Wednesday, August 30, 2017

The Rings of Saturn Viewed Planet-Side and the Final Days of Cassini

On August 20, NASA's Cassini spacecraft completed another pass between Saturn and its rings. The below animation shows the ring system from above (sunlit side) and then below (shadow side). All of the ring system is seen. But due to the angle, the rings and the ring divisions appear foreshortened (squeezed together). Also, the inner C ring looks larger in the foreground.

Saturn's ring system as seen during the Cassini pass between the rings and Saturn on August 20, 2017. Image Credit: NASA/JPL-Caltech/Space Science Institute

The Grand Finale is Nearly Complete

The spacecraft is quickly approaching its  mission-ending dive into the atmosphere of Saturn on September 15. An April 22 gravitational assist from Saturn's moon Titan put the craft on its final path. But several mission milestones remain before then.

The spacecraft is expected to lose radio contact with Earth within about one to two minutes after beginning its descent into Saturn's upper atmosphere. But on the way down, eight of Cassini's 12 science instruments will be operating. In particular, the spacecraft's ion and neutral mass spectrometer (INMS), which will be directly sampling the atmosphere's composition, potentially returning insights into the giant planet's formation and evolution. On the day before, September 14, other Cassini instruments will make detailed, high-resolution observations of Saturn's auroras, temperature, and the vortices at the planet's poles. Cassini's imaging camera will take it's last views on September 14 and then be shut down. Below are some highlights from the final days of Cassini.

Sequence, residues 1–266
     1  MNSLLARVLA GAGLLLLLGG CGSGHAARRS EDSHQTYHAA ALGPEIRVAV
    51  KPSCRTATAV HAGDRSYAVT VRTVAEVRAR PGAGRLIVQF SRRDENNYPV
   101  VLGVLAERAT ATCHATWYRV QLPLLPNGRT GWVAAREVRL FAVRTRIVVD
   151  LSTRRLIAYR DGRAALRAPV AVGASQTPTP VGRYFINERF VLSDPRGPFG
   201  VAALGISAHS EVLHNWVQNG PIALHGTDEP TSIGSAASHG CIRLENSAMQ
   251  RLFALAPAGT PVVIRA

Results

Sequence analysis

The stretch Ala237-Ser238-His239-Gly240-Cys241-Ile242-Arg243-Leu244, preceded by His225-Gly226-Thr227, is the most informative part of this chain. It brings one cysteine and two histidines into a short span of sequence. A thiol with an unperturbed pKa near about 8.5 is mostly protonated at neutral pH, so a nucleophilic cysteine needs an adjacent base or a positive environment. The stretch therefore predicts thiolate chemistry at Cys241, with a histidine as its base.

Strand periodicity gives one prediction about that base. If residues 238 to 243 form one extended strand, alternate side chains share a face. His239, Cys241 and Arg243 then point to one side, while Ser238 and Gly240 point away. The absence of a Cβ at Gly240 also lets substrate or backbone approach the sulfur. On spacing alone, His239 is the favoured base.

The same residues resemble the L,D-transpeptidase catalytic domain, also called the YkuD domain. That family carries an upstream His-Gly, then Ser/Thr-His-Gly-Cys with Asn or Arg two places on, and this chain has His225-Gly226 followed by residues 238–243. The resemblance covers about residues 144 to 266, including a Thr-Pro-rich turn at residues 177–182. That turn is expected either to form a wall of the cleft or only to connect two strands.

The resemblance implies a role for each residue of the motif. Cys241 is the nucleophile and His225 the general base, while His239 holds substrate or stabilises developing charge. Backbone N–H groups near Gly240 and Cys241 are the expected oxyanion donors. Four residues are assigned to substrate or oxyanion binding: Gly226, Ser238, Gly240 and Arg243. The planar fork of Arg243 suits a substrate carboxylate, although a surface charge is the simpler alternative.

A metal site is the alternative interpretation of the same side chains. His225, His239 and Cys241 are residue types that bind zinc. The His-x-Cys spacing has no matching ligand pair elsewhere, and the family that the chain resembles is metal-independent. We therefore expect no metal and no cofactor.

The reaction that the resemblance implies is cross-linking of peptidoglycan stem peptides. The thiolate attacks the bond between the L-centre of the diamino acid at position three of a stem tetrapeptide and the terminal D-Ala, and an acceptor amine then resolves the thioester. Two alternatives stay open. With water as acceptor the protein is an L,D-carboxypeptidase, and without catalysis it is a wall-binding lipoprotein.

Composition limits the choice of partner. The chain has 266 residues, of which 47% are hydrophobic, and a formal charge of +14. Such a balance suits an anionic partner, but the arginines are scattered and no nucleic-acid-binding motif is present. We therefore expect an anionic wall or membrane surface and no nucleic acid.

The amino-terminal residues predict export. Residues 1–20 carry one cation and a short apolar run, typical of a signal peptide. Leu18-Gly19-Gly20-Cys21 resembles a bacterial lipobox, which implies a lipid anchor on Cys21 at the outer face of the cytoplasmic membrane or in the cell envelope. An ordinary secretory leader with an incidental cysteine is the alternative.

September 9 -- Cassini will make the last of 22 passes between Saturn itself and its rings -- closest approach is 1,044 miles (1,680 kilometers) above the clouds tops.

September 11 -- Cassini will make a distant flyby of Saturn's largest moon, Titan. Even though the spacecraft will be at 73,974 miles (119,049 kilometers) away, the gravitational influence of the moon will slow down the spacecraft slightly as it speeds past. A few days later, instead of passing through the outermost fringes of Saturn's atmosphere, Cassini will dive in too deep to survive the friction and heating.

September 14 -- Cassini's imaging cameras take their last look around the Saturn system, sending back pictures of moons Titan and Enceladus, the hexagon-shaped jet stream around the planet's north pole, and features in the rings.

September 14 (5:45 p.m. EDT / 2:45 p.m. PDT) -- Cassini turns its antenna to point at Earth, begins a communications link that will continue until end of mission, and sends back its final images and other data collected along the way.

September 15 (4:37 a.m. EDT / 1:37 a.m. PDT) -- The "final plunge" begins. The spacecraft starts a 5-minute roll to position INMS for optimal sampling of the atmosphere, transmitting data in near real time from this point to end of mission.

September 15 (7:53 a.m. EDT / 4:53 a.m. PDT) -- Cassini enters Saturn's atmosphere. Its thrusters fire at 10 percent of their capacity to maintain directional stability, enabling the spacecraft's high-gain antenna to remain pointed at Earth and allowing continued transmission of data.